In an ongoing effort to find creative ways to engage partnering organizations about whole life discipleship, Acton has created a program to co-sponsor one-day symposiums on selected seminary and university campuses around the United States.
The objective of these symposiums is to provide intense exposure to core ideas about whole life discipleship to the university community. In this way, Acton facilitates stronger Christian understanding and encourages continuing discussion and enrichment in the classroom after the conference itself is concluded. Participants will examine the interface of liberty, faith and learning in society, independently, through integration in their studies, and through ongoing Acton program opportunities.
On January 31st, the Acton Institute held a one-day symposium at Cedarville University titled "Caring For the Common Good: Why It's Important To Integrate Faith, Work, and Economics." The purpose of the event was to present free-market views on economics that are grounded in the Christian tradition to professors, students and staff. Cedarville University is a private, co-educational liberal arts university located in the town of Cedarville, Ohio.
Rudy Carrasco of Partners Worldwide spoke on caring for the poor along with their responsibilities. Matt Zainea, teaching pastor at Blythefield Hills Baptist Church spoke on "Theology and Economics: Seeing the Whole." In addition, Acton convened a panel discussion involving Rudy and Matt along with Cedarville University professors Dr. Bert Wheeler and Dr. Jeff Haymond. The panel was moderated by Acton Institute Director of Programs and International, Dr. Stephen Grabill.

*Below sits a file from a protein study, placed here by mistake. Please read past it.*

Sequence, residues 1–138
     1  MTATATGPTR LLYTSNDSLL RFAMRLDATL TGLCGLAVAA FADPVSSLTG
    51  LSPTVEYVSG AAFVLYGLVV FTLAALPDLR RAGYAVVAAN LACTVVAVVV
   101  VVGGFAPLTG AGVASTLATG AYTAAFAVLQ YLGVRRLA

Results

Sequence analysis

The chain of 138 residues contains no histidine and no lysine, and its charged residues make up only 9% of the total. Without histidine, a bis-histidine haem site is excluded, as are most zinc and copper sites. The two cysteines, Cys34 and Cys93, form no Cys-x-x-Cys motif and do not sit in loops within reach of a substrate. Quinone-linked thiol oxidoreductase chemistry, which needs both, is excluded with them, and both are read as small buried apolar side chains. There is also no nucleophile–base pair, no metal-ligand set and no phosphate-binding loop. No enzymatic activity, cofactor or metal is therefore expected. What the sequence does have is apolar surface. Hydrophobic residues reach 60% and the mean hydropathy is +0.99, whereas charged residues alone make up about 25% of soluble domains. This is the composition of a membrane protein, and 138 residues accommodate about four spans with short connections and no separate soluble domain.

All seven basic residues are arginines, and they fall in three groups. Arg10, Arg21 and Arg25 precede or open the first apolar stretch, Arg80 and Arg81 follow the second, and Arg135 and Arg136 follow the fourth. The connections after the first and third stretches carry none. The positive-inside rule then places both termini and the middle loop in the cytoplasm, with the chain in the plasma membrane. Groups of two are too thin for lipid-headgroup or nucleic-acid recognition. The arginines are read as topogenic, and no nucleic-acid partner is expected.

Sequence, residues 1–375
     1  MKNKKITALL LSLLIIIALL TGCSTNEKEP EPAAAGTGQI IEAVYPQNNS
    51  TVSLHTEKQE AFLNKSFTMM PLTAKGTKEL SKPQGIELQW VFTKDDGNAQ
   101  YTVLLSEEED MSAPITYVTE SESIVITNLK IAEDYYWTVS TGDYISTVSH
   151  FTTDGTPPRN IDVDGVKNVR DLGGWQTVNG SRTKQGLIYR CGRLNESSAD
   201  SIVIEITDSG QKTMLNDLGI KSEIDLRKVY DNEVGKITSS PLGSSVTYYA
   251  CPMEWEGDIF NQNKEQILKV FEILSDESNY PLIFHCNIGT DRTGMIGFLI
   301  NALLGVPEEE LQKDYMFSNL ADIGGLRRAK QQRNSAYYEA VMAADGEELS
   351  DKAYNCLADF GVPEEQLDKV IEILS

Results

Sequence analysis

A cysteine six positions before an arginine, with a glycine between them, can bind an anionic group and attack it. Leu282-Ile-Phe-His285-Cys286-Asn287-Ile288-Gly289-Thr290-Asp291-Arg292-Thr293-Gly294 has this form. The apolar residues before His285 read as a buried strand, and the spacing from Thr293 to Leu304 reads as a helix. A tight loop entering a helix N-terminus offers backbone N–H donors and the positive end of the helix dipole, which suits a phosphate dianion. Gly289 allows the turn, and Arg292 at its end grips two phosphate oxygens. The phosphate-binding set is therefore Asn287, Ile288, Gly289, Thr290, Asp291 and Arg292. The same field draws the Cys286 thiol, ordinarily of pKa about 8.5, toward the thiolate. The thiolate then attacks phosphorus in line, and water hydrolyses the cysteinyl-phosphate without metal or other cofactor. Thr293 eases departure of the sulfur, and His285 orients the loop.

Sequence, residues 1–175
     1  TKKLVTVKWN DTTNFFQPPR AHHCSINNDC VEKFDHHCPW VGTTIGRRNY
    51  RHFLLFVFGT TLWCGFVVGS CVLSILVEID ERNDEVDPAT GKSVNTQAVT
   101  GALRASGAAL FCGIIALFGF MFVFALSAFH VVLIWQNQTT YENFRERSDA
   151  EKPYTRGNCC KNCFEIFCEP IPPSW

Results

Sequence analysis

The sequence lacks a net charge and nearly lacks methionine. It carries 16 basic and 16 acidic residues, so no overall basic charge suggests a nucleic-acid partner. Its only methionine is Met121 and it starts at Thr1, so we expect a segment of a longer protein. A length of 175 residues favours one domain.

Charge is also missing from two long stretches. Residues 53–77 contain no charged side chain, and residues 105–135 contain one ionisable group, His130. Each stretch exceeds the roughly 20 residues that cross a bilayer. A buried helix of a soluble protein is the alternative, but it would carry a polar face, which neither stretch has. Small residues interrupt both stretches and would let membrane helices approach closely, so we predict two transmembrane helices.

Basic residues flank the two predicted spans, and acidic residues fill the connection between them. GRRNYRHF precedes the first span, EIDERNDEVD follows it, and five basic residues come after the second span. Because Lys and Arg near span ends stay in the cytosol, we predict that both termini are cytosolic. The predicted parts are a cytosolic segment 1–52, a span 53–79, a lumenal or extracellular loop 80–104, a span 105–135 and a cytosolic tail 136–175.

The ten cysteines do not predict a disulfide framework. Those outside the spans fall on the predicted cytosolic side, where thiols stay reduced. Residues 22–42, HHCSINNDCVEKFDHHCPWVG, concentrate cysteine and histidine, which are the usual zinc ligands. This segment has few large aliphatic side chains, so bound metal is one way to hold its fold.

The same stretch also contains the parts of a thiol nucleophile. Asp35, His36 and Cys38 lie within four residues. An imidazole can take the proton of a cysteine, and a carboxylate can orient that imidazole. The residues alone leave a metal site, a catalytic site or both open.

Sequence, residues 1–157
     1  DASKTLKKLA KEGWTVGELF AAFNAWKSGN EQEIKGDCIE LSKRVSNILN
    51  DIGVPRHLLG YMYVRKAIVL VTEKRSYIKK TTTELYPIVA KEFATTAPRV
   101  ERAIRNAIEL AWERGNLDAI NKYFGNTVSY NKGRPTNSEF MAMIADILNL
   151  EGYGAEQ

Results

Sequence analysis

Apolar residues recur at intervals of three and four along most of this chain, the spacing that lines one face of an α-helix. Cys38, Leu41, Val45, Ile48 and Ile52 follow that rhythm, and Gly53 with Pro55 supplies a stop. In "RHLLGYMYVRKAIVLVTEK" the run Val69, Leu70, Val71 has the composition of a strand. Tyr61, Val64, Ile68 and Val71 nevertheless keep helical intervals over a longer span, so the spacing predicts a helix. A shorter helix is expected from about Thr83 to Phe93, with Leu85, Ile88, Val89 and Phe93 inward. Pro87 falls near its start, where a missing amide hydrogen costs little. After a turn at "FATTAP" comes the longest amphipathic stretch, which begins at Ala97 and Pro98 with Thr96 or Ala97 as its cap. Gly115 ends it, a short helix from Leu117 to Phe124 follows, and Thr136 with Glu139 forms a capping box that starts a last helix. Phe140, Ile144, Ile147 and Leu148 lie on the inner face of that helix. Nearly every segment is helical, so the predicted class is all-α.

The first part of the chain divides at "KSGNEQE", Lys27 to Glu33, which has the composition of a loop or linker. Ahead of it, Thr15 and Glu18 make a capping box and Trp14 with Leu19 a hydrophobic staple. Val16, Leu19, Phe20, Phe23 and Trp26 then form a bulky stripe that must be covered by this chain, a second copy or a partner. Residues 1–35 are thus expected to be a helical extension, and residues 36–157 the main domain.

The day concluded with a dinner attended by Cedarville administration and professors for the Bible, Business and Economics department discussing the day's content and how this could be integrated within the University.
Contemporary Europe is in a state of profound economic and cultural crisis. Out-of-control debt and spending, population decline, high unemployment (with catastrophic levels prevailing among young people), low levels of entrepreneurship, a discredited political class that more than ever seems far more intent on protecting its own position than serving the common good, and bloated and unsustainable welfare states – all of this sums up the economic state of the European Union these days. Unfortunately, many of these descriptions can be just as easily applied to the United States.
In his forthcoming book due out in November, Becoming Europe: Economic Decline, Culture and America's Future (published by Encounter Books), Acton's Director of Research Dr. Samuel Gregg examines the origins and nature of the European economic model, and illustrates how similar dynamics are at work in much of America. Using the idea of economic culture, Gregg illustrates, in language accessible for anyone interested in our contemporary economic challenges, how the promotion of different values and their institutional expressions explains much of the economic dysfunctionality of much of today's Europe. He also underscores where similar trends are making themselves manifest in twenty-first century America. According to Gregg, Europe is the canary in the coal mine for America. Though American economic culture continues to differ markedly from what exists in Europe, Gregg argues that America is fast reaching the point where it needs to make some fundamental choices at the level of values if it wishes to remain the world's most dynamic and prosperous economy. The wrong choices, he insists, could easily lead to economic Europeanization – something, Gregg states, would be disastrous not just for America, but for the West as a whole.